Study Finds Positive Effects Of Academic Education On Aging Of Brain

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Brain News – Study found that certain degenerative processes are reduced in the brains of academics and their brains are capable of compensating for age-related cognitive and neural limitations.

In a new study, researchers at the University of Zurich examined more than 200 senior citizens for over seven years. Though participants were not suffering from dementia, they had average to above-average intelligence and led highly active social lives. By using magnetic resonance imaging at regular intervals, the researchers analyzed the participants both neuroanatomically and neuropsychologically.

They also used novel automatic methods to study white matter hyperintensities and so-called lacunes. According to the researchers, this may be associated with reduced blood flow, small unnoticed cerebral infarcts, and loss of nerve pathways or neurons. Additionally, they found that when degeneration affects the key regions of the human brain, it can limit one’s cognitive performance.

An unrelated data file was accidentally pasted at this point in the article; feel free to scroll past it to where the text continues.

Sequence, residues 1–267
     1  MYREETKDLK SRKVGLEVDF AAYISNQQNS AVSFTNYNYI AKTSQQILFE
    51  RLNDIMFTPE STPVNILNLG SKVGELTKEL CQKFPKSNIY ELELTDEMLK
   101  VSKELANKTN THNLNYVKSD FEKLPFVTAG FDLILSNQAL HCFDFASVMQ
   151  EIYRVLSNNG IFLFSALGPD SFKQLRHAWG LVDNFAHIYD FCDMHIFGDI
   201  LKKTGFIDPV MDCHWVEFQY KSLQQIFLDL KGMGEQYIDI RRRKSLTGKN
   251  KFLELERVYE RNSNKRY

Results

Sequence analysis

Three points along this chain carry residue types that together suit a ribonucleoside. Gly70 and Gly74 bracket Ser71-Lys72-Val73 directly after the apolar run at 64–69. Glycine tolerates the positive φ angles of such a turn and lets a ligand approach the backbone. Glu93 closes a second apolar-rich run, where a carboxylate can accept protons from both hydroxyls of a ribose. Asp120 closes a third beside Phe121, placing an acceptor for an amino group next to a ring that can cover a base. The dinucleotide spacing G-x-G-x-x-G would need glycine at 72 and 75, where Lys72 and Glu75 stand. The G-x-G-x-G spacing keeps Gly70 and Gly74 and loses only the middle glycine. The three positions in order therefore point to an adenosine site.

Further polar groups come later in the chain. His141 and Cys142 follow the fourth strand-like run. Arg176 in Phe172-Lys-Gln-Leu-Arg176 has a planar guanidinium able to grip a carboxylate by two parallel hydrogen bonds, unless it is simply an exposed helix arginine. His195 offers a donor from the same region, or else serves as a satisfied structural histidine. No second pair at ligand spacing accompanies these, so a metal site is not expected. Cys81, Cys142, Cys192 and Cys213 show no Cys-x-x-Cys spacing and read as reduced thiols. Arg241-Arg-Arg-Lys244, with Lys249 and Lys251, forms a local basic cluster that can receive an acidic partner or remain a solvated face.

The findings showed that those senior citizens with an academic background reported a significantly lower increase in these types of common signs of brain degeneration over the period of seven years. The research result also supported the previous findings that discovered the positive effects of academic education on age-related brain degeneration.

“We suspect that a high level of education leads to an increase in neural and cognitive networks over the course of people’s lives and that they build up reserves, so to speak. In old age, their brains are then better able to compensate for any impairments that occur,” said Lutz Jäncke, lead-researcher of the study. However, he later added that the human brains that are active well into old age tend to be less susceptible to degeneration processes.

To Know More You May Refer To:

Isabel Hotz, Pascal Frédéric Deschwanden, Susan Mérillat, Franziskus Liem, Spyridon Kollias, Lutz Jäncke, Associations of subclinical cerebral small vessel disease and processing speed in non-demented subjects: A 7-year study, NeuroImage: Clinical, Volume 32, 2021, 102884, ISSN 2213-1582,

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